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Best Practice Makes Perfect

A collaboration with Domino developers about how to do it and how to get it right in Domino

The option "Categorized as flat version 5 or greater" is one of life's little mysteries. What exactly does this do? The Designer help says:

If your view is [categorized], you can select "Categorized is flat version 5 or greater" to convert your view to a non-hierarchical, flat view, which displays all documents on a single level. Use this feature if your level of indentation in a view exceeds the limit of 32 levels.

Now, to me, this seems to be saying that if you use this option, the view is actually not categorized.  But in that case, why bother to add an option, since you could already do that by selecting sort rather than categorize to each column. There must be more to it than that. So I decided to try it. I started by creating a view with three categorized columns:

original view

Then I experimented with turning on the "categorized as flat" option for various combinations of columns:

column 1 flat

Columns 1 and 2 have essentially been combined into a single category -- one twistie displays all documents with the same requestor and status.

One thing I notice right away is that the value of column 1 is also displayed on the document row entries, which seems useless to me since all the documents in that category will have the same value there. Unless someone likes that behavior and can give a reason why, I plan to write an bug report.

columns 1 and 2 flat

All categorized columns are combined so that they effectively function as a single category. It's as if you created one column with the formula Requester+Status+AssignedTo and categorized that, except that they appear as three separate columns and let you control their widths and fonts separately.

Of course, having a twistie on each column is unnecessary; they all do the same thing.

columns 1, 2 and 3 flat

Now the view is simply sorted, as the documentation suggested.

column 3 flat

Notes forgets that the column is categorized, and only sorts it.

column 2 flat

Columns 2 and 3 are combined for sorting purposes.

column 2 flat, but column 2 is set to sort "None"

Even if you turn off sorting for column 2, if you make it "categorized as flat," it's used as part of the category heading with the next column which is categorized.

column 2 flat, where column 3 is categorized descending

To sum up what we're seeing here, "categorized as flat" apparently merges that column with the next column for sorting/categorization purposes, but maintaining the sort direction of each column (where "none" apparently defaults to "ascending"). This lets you reduce the depth of your category tree.

Aside from avoiding Notes' limit on categorization depth as the doc suggests, this also lets users navigate to document rows with fewer clicks. In any case where the number of combinations of two categorized columns will be small, you can consider the tradeoff of the user's time in scanning a longer list of the category headings for the combination they want, versus the number of times they need to expand a category to find a desired document.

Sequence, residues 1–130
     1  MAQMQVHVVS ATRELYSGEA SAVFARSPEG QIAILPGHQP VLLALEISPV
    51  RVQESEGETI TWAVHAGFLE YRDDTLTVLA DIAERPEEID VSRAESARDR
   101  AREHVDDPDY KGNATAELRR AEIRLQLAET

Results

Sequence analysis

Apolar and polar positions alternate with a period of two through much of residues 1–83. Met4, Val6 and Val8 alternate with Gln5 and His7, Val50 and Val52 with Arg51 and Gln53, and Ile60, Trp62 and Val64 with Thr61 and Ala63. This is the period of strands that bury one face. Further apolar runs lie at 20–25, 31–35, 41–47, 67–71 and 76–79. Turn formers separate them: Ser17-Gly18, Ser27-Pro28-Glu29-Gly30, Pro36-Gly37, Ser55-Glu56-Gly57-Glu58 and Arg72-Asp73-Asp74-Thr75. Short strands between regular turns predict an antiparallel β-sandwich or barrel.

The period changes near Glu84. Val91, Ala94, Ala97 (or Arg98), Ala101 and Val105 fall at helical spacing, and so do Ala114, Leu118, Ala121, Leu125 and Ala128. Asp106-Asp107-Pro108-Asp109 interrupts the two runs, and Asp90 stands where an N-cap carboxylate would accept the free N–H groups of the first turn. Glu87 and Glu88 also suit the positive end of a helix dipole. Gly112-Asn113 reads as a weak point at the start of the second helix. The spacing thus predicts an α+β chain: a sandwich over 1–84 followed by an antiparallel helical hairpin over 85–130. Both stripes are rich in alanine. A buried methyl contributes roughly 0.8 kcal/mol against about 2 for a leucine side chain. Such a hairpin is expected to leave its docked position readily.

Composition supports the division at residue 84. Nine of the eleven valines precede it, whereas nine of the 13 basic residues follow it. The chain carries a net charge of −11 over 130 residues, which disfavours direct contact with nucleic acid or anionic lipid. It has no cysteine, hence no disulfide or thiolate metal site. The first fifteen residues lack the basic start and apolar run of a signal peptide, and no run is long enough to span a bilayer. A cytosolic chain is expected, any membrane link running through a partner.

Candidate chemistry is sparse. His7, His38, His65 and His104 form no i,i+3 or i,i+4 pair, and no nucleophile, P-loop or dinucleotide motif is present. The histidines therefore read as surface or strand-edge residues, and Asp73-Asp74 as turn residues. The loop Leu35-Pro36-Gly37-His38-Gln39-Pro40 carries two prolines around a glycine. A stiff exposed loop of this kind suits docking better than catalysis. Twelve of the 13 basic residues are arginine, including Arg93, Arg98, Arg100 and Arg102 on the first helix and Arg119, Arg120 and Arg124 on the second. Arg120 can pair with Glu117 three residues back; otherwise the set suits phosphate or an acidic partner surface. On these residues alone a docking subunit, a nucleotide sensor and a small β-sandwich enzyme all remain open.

For instance: If column 2 can contain two values, and column 3 can contain two values, and they're individually categorized, then the user has to decide between 2 values, click, decide between 2 more values, and click again -- a total of 4 values to examine, and two clicks. If you set column 2 to "categorized as flat", there are 2*2 4 combinations, but only one click to make the document visible -- "categorized as flat" saves a click, without any additional eyeball labor.

Or, say column 2 has three possible values, and column 3 has three. If separately categorized, there are 3 + 3 = 6 values to examine, and two clicks. If column 2 is "flat", there are 3 * 3 = 9 value combinations, but one click. One could argue that saving the user a click is worth giving them 3 more choices to look through.

Or, if there are a dozen choices each, the comparison is 12+12 = 24 values one way, with two clicks, vs. 12*12 = 144 choices the other way, with one click. This sounds like the "flat" option will be more trouble for the user.

You must also consider not only what the maximum number of value combinations will be, but the probable number of those combinations that will have at least one document in them. That depends on your data and the statistical distribution of your values. If you already have data in the application, it might be easiest to do this empirically with a document-scanning script, rather than try to calculate it (but bearing in mind that you'll probably add documents as time goes on).

Of course, that business of displaying the "flat" column on all the rows is kind of annoying, and the clutter/user confusion factor might prevent you from using this feature even when the numbers would seem to call for it. But anyway, that's what it does and that's my take on it. Hope this is useful.

I didn't try what would happen when this option is used with column values that contain \ (a.k.a. "ad hoc subcategorization"). If anyone feels like pitching in, that might be something to try.

Andre Guirard | 16 July 2009 08:00:00 AM ET | | Comments (7)

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